DEAR DR. DONOHUE: I have had migraine headaches for years, but no one has ever told me how they come about. Please do. – W.B.

DEAR DR. DONOHUE: My mother has had migraines for years. Her doctor gave her a list of trigger foods, which include caffeine. If caffeine is a trigger, why is it included in many migraine medicines? – J.L.

ANSWER:
A migraine headache is a torturous, pulsating, pounding headache on one side of the head that drives a migraineur (the medical word for migraine patient) to seek a dark, quiet retreat. Light and noise increase the pain of a migraine.

The cause of migraines is an overly sensitive nervous system. Numerous triggers – caffeine, anxiety, glaring lights, too much or too little sleep, cigarette smoke, changes in barometric pressure and foods such as avocados, wine and aged cheeses – can switch on a migraine headache. What happens is that a part of the brain called the migraine generator is activated, and it spreads noxious messages to the trigeminal nerve. That nerve is one of the principal nerves of the head and scalp. The nerve, in turn, releases materials that inflame head and scalp arteries, resulting in a throbbing migraine headache.

Caffeine is a trigger for some migraineurs. It’s included in some migraine medicines because it increases the painkilling properties of the medicine. It is usually in an amount much lower than the amount that causes migraine headaches.

Nowadays, those medicines have been largely supplanted by the more effective triptans: Imitrex, Zomig, Amerge, Maxalt and Relpax. They have revolutionized migraine treatment.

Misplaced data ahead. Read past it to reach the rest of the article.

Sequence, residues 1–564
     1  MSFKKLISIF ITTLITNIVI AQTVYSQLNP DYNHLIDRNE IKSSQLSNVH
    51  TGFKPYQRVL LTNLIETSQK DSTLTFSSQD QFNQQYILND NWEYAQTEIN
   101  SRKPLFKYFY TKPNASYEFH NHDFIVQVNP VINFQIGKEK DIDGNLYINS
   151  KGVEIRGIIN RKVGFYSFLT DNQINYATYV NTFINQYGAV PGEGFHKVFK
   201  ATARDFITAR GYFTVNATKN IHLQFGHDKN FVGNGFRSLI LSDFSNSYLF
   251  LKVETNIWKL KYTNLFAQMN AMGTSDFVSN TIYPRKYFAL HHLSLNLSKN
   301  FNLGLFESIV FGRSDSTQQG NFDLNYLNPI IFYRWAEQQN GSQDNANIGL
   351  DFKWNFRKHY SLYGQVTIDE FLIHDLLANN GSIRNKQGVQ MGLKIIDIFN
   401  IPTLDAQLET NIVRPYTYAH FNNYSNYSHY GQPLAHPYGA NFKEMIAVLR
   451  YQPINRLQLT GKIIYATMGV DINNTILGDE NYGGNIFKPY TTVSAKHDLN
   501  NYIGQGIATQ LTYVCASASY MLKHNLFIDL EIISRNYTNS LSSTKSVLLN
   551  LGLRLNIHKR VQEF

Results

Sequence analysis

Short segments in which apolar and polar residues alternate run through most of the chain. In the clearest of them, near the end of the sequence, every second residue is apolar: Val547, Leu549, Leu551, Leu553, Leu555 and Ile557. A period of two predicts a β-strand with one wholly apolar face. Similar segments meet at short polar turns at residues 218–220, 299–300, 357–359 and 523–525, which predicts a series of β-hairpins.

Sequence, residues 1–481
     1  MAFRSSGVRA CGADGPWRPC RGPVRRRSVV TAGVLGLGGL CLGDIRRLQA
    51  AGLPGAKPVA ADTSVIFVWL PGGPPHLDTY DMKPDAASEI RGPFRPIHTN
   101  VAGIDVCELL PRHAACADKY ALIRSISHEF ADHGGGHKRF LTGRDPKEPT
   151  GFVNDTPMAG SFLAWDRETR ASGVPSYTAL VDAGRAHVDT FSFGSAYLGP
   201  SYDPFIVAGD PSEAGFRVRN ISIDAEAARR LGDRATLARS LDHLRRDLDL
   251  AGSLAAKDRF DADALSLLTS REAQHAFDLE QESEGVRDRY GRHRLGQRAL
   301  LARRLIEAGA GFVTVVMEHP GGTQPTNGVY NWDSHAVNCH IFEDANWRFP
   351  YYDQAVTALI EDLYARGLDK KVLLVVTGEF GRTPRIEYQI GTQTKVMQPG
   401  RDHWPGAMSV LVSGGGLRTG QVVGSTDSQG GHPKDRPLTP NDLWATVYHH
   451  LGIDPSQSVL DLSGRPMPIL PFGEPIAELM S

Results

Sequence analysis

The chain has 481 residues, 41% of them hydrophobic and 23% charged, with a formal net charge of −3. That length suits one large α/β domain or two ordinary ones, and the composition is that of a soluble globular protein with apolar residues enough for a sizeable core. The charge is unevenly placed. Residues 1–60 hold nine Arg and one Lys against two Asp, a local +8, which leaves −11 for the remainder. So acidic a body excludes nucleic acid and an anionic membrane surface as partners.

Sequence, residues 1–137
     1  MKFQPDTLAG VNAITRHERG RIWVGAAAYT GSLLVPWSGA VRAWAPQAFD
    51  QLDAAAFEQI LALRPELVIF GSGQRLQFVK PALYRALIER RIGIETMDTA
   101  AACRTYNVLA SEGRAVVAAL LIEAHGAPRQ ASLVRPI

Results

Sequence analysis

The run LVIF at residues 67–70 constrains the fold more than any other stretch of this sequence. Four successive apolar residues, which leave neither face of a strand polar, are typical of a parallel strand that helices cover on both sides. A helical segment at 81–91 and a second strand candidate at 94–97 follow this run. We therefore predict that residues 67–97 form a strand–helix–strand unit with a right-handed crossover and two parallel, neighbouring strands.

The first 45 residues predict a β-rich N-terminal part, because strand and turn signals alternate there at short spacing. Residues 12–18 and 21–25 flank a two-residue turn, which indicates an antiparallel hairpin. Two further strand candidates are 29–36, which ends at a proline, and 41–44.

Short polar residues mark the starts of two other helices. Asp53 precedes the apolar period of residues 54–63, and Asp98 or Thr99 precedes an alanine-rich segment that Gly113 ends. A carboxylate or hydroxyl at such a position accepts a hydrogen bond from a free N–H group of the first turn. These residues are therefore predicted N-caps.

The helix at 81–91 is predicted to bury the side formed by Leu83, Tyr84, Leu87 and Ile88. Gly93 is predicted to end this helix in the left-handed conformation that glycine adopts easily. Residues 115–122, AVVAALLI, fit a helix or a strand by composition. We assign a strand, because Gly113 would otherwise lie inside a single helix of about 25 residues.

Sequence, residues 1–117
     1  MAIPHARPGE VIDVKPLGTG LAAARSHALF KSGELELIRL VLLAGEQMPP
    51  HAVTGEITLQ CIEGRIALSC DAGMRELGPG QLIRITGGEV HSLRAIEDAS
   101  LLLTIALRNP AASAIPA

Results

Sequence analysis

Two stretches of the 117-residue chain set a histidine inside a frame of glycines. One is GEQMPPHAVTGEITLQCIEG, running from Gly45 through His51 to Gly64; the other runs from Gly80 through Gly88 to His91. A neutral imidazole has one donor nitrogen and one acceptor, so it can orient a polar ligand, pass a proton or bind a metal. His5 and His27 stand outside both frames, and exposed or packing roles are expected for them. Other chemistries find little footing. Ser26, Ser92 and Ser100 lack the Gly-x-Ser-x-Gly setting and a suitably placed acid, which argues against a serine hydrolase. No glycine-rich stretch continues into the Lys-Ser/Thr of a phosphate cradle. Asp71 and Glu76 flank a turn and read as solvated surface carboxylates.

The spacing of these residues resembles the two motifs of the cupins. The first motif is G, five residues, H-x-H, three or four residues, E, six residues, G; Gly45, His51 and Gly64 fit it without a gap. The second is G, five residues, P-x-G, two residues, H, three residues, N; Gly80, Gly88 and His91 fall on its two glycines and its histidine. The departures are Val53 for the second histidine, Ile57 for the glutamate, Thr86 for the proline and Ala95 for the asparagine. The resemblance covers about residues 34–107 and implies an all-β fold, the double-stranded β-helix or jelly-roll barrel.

DEAR DR. DONOHUE: A friend and I believe a relative of mine is depressed. The person has no appetite, no interest in getting dressed and is in a constant funk. Weight loss is 40 pounds. Are we justified in feeling this person is depressed? The person refuses to discuss it. How do we approach the advisability of having this person see a doctor when the person considers it a taboo subject? – P.M.

ANSWER:
You have summed up the symptoms of depression quite accurately. Depression makes people lose interest in things they used to view with joy. Their sleep is disturbed. Either they cannot fall asleep or they waken early in the morning and cannot get back to sleep. Depression drains its victims of all energy. They lose their appetite and lose weight. Their outlook on life is one of hopelessness.

Many depressed people, like your relative, are loath to talk about this subject, since they feel it represents a weakness of character. That is antediluvian thinking. It results from an imbalance of brain chemicals that keep people on an even emotional keel. Medicines and talk therapy can restore the brain’s chemical balance. Please tell your relative that precious time is being wasted by not seeking the help that is readily available to all.

DEAR DR. DONOHUE: I saw a newspaper article about smoking affecting the sexual performance of men. I was a firefighter and in 25 years have inhaled all kinds of toxic smoke. I am 65 and have been impotent for 15 years. Could the smoke I inhaled fighting fires have caused my impotence? – M.B.

ANSWER:
Men who smoke 20 or more cigarettes a day run a 60 percent risk of suffering from erectile dysfunction.

I cannot find information that links noncigarette smoke to erectile dysfunction. That’s not to say it couldn’t, but only that the information is scanty to nonexistent.

Have you seen a doctor about the many new treatments for erectile dysfunction? Regardless of the smoke question, treatment might be readily available for you.

Dr. Donohue regrets that he is unable to answer individual letters, but he will incorporate them in his column whenever possible. Readers may write him or request an order form of available health newsletters at P.O. Box 536475, Orlando, FL 32853-6475.


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